Antihypertensive Effect of Angiotensin I-Converting Enzyme Inhibitory Peptides from a Sesame Protein Hydrolysate in Spontaneously Hypertensive Rats
Sesame peptide powder (SPP) exhibited angiotensin I-converting enzyme (ACE) inhibitory activity, and significantly and temporarily decreased the systolic blood pressure (SBP) in spontaneously hypertensive rats (SHRs) by a single administration (1 and 10 mg/kg). Six peptide ACE inhibitors were isolated and identified from SPP. The representative peptides, Leu-Val-Tyr, Leu-Gln-Pro and Leu-Lys-Tyr, could competitively inhibit ACE activity at respective Ki values of 0.92 μ<small>M</small>, 0.50 μ<small>M</small>, and 0.48 μ<small>M</small>. A reconstituted sesame peptide mixture of Leu-Ser-Ala, Leu-Gln-Pro, Leu-Lys-Tyr, Ile-Val-Tyr, Val-Ile-Tyr, Leu-Val-Tyr, and Met-Leu-Pro-Ala-Tyr according to their content ratio in SPP showed a strong antihypertensive effect on SHR at doses of 3.63 and 36.3 μg/kg, which accounted for more than 70% of the corresponding dosage for the SPP-induced hypotensive effect. Repeated oral administration of SPP also lowered both SBP and the aortic ACE activity in SHR. These results demonstrate that SPP would be a beneficial ingredient for preventing and providing therapy against hypertension and its related diseases.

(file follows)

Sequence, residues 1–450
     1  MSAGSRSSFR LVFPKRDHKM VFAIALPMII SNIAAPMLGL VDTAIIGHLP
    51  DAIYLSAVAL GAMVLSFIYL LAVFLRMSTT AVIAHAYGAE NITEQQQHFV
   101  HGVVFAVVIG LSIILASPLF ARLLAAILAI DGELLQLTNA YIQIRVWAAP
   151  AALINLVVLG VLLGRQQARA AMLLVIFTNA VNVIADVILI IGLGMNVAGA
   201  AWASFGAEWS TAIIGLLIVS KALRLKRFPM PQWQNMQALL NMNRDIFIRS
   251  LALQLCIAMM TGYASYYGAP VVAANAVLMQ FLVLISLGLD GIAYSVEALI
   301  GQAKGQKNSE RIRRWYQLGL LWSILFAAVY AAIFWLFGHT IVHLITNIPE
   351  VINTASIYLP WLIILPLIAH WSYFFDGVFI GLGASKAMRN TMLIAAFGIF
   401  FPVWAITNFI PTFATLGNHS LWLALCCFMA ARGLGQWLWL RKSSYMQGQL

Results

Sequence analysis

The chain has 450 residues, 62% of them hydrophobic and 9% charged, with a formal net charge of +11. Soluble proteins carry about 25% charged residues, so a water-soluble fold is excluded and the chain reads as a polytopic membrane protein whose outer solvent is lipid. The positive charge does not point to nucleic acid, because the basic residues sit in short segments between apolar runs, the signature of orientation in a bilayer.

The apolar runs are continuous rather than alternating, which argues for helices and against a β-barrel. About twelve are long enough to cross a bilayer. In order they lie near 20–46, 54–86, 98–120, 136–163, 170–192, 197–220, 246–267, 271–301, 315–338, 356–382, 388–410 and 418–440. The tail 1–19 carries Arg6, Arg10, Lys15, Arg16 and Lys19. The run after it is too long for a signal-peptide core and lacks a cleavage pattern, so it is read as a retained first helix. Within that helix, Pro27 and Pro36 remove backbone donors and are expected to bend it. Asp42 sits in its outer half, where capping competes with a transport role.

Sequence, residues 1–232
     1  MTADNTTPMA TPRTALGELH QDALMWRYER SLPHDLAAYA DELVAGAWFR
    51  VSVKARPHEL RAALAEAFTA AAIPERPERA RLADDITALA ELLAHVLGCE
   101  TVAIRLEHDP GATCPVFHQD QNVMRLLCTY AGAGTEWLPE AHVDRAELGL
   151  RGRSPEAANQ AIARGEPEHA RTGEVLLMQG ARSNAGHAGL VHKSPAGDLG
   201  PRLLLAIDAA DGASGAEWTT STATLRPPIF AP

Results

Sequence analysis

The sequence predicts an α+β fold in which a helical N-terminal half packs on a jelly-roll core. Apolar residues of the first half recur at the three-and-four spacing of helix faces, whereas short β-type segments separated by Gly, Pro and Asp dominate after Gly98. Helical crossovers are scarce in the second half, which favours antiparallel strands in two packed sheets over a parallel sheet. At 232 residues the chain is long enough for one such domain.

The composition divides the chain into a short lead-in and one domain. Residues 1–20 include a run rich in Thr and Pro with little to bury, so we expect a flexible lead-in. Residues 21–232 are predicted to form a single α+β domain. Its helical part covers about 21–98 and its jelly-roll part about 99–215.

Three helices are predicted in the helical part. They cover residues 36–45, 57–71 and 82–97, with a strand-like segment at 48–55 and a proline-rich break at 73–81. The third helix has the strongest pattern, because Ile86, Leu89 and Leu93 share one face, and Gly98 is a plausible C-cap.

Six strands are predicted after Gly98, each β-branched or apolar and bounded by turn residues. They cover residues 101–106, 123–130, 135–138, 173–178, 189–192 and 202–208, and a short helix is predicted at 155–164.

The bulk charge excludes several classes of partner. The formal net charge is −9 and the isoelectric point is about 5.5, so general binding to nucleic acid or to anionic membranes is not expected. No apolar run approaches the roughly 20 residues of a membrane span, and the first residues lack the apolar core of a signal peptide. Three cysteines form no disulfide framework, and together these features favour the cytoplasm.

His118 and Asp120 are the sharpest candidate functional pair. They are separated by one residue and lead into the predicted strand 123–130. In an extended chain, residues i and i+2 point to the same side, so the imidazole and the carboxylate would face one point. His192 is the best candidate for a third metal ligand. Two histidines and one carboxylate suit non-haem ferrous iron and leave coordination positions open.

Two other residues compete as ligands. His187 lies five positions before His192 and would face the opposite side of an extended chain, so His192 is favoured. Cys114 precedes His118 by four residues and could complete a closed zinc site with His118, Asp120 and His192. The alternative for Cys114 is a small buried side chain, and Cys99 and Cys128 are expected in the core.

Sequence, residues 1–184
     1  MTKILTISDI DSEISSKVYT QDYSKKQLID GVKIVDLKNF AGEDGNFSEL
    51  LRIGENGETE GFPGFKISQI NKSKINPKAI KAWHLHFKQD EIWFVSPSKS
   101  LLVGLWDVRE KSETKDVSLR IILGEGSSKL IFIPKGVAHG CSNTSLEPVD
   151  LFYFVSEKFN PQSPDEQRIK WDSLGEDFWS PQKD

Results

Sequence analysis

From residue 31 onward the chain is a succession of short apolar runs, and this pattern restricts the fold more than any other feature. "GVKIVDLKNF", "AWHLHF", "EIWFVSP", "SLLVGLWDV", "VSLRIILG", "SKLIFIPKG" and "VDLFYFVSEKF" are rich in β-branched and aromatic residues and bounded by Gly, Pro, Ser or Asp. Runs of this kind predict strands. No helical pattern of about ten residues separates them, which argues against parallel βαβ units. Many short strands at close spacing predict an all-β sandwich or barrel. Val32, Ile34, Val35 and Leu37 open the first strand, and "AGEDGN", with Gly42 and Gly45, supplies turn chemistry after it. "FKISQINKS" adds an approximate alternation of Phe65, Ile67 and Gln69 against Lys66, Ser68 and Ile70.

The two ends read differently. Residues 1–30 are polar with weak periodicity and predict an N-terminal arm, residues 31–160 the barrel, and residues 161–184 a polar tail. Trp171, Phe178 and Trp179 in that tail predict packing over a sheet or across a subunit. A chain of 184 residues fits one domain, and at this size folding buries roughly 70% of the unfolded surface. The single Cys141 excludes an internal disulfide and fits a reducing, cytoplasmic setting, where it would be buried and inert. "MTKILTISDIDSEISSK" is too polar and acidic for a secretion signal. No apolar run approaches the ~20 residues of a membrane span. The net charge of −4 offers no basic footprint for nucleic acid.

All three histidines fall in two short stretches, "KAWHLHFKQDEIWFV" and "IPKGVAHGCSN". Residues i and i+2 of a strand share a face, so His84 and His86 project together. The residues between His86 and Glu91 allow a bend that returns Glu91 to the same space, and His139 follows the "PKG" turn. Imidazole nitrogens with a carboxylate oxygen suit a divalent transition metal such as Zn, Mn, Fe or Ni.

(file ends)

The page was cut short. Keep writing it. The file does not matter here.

- Bioscience, biotechnology, and biochemistry
Bioscience, biotechnology, and biochemistry 70(5), 1118-1126, 2006-05-23
Japan Society for Bioscience, Biotechnology, and Agrochemistry